Meerschaum pipes have been around for a long time, and they have developed a devoted group of admirers through the years. These advocates of meerschaum smoking have created techniques and methods that each believes will best transform a white meerschaum pipe into a stunning work of art through the coloration process. Now that you’ve read our experts’ advice, you are armed with the information you need to develop your own works of art while enjoying one of your favorite pastimes. Go ahead—now’s the time to smoke your pipe, meerschaum-style.

    From P&T Magazine.
    Sa'alaam.
    God, Country, Corps!

    "Only Accurate Rifles Are Interesting."
    Col Townsend Whelen

    Just because it sounds good doesn't mean I know what I'm talking about...

    "No matter how good she looks, somebody, somewhere, is getting tired of her shit."

  12. #42

    User who chose to leave. Franksmith's Avatar


     

    Re: Pipe FAQ/101/Getting Started

    Quote Originally Posted by IHT
    nice one, scott.
    oddly enough, i've been scouring some of the meerschaum makers websites, looking for something i like. my little SMS "squat banker" is nice, but the bowl is so small. i should take that to work for "breaks", just have to figure out what tobacco to go with it.

    i think a very nice meer will be my next pipe, nothing fancy, just smooth, big enough bowl, nice bit and shape.

    So is it bad, inconvenient etc. to smoke different blends in the same pipe? I am starting modestly (thanks to Pat)... so...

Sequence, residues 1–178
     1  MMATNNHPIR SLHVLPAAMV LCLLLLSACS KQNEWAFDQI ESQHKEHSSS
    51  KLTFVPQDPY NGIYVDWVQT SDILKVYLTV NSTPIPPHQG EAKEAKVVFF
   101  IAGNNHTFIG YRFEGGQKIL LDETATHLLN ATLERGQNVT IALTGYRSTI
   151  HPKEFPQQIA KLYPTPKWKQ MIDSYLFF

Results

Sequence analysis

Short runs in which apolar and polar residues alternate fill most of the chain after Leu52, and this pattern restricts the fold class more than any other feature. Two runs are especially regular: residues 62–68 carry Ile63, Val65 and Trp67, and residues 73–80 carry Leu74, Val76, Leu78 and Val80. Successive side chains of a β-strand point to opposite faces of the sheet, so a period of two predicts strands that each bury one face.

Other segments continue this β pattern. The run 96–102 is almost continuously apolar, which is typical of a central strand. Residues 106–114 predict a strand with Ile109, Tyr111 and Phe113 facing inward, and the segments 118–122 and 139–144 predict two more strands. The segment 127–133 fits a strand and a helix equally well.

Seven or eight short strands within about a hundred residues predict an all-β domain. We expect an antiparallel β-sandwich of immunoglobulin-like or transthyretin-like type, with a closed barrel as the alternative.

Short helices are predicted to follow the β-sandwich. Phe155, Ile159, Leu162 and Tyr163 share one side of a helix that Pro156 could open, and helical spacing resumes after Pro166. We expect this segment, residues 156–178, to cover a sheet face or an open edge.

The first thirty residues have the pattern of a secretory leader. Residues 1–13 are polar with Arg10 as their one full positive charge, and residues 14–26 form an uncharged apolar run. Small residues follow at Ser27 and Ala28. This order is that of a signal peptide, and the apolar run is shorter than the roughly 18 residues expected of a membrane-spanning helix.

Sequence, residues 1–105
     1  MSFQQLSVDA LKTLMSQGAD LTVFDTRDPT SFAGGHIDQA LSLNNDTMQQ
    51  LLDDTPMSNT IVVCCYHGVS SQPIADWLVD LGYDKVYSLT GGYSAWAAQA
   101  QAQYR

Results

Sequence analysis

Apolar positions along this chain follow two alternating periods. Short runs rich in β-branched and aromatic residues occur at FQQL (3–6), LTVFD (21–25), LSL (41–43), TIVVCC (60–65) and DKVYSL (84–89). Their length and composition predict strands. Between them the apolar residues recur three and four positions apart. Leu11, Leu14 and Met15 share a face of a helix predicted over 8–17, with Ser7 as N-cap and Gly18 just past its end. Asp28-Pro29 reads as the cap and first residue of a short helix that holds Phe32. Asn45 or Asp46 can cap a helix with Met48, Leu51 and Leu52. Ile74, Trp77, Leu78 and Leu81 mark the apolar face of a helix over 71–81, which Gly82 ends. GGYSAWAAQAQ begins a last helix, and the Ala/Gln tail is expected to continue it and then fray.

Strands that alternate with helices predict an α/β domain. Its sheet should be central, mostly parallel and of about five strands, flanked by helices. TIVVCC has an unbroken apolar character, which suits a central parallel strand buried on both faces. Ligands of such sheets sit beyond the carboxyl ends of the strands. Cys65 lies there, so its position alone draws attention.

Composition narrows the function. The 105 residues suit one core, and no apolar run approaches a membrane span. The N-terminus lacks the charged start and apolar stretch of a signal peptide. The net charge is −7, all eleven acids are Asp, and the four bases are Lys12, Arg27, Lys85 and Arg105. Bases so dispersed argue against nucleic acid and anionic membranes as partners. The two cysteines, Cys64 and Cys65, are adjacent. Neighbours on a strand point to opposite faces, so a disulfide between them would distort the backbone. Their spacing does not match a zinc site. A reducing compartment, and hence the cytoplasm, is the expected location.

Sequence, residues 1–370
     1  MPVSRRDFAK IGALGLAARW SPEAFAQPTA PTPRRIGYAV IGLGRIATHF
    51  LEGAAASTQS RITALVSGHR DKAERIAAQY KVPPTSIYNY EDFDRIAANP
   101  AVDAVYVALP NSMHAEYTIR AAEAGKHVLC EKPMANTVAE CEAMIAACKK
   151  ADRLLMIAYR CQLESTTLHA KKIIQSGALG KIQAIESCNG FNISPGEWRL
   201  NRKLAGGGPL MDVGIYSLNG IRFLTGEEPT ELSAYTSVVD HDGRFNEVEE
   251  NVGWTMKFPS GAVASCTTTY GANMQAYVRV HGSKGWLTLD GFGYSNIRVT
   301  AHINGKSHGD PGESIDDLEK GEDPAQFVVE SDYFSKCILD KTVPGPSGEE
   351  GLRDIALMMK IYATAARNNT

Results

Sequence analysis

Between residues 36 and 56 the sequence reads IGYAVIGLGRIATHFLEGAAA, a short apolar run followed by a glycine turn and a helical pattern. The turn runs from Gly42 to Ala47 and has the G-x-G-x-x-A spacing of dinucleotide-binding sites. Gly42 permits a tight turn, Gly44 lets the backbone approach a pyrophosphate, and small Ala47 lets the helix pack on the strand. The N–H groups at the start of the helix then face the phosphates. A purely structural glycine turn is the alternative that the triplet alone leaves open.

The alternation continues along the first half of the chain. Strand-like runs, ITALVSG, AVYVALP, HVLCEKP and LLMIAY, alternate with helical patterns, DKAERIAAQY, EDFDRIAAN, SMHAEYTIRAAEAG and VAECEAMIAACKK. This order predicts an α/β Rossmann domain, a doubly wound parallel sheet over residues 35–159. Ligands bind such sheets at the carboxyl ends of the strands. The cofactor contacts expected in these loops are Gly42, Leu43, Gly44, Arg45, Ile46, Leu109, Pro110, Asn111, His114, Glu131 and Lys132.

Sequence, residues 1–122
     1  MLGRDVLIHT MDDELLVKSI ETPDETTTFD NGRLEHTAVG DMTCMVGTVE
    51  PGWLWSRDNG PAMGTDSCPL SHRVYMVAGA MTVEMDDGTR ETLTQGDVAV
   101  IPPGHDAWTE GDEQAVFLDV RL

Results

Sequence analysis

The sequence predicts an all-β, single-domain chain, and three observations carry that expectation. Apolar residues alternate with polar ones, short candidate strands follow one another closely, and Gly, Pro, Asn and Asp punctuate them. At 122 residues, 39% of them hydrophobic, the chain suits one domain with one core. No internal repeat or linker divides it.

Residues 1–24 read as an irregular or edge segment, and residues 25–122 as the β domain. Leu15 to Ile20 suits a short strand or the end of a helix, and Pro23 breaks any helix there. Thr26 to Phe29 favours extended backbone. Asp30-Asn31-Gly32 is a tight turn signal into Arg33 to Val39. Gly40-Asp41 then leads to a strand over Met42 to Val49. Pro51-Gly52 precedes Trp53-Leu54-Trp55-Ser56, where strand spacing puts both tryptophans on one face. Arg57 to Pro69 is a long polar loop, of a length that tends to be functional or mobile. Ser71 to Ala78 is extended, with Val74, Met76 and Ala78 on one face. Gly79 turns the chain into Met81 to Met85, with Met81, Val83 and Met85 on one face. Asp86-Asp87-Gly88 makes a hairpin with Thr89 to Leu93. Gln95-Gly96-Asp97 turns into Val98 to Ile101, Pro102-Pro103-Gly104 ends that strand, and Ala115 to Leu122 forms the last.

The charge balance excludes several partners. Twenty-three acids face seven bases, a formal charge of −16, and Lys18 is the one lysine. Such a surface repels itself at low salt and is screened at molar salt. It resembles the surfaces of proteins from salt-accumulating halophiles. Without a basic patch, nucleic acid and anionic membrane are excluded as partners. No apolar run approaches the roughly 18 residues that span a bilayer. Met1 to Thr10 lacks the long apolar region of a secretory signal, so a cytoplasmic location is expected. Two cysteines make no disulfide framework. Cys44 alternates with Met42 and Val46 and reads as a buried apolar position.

How many pipes do I really/actually need if I want to try out different tobaccos and have at least one or two bowls a day without goofing up my pipes?

    Geez Greg.... your ebay thread is already killing me

  13. #43

    IHT
    IHT is offline
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    Re: Pipe FAQ/101/Getting Started

    Quote Originally Posted by Franksmith
    So is it bad, inconvenient etc. to smoke different blends in the same pipe? I am starting modestly (thanks to Pat)... so...
    IHT - most ppl smoke the same "style" of tobacco in the same pipe. there are many styles: aromatics, virginia blends, oriental/english/scottish blends, etc. and you don't want to smoke the same pipe a few times a day, every day... you have to have a rotation.
    if you're going to collect, you could end up with 2 pipes per tobacco that you smoke (that's a lot) - 1 big bowl, and 1 small bowled pipe.


    How many pipes do I really/actually need if I want to try out different tobaccos and have at least one or two bowls a day without goofing up my pipes?
    IHT - you could get by with 3 or 4, easily, if you were sampling different types of tobacco (as i mentioned in the above portion).
    reply in the quote.